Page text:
There may be some challenge in terms of causation with reluctant witnesses, a problem often encountered in the medical area. This is a standard problem in the medical field where there is often multiple actors and sketchy records. Indeed, the court in Ybarra v. Spangard faced such a problem in terms of causation when no doctor or nurse came forward to identify the responsible party or parties in a case of malpractice. The court allowed the case to continue on the basis of the staff as a whole — a response to what is sometimes called the “conspiracy of silence” in the profession. The court noted that doctors share an intense bond and background — an analogy to a team that is trained to work as one.
Notably, despite the past allegations, Penn State allowed Sandusky in addition to the alleged failure to act more directly while he was employed by the team.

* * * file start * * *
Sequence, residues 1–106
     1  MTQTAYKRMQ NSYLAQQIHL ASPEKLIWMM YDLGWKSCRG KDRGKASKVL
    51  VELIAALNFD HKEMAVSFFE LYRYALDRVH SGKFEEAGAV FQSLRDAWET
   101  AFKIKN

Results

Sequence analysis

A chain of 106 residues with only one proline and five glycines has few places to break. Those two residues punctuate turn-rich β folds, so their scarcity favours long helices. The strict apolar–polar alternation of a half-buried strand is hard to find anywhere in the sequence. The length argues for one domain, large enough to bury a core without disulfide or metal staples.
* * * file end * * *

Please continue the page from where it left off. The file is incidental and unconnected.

The statute of limitations in Pennsylvania is two years — a standard period. However, the state recognizes a discovery rule for injuries to the person so that the statute does not begin to run until the injured party discovers or reasonably should discover that he has been injured by another’s conduct. Fine v. Checcio, 870 A.2d 850 (Pa. 2005). Moreover, it does not run for ongoing torts, which could be alleged here.

In all, Paterno is probably in fairly good shape to fend off a torts claim but it is conceivable. The university is more at risk, but has some solid defenses. One of the more interesting elements will be the review of the past accounts given by both Paterno and the university to see if they shaped the facts. If so, it will take more than painting out Sandusky’s picture to protect the school.

Source: Daily Mail

52 thoughts on “Can Penn State Or Paterno Be Sued For Negligence?”

  1. Elaine,

    Holy cow!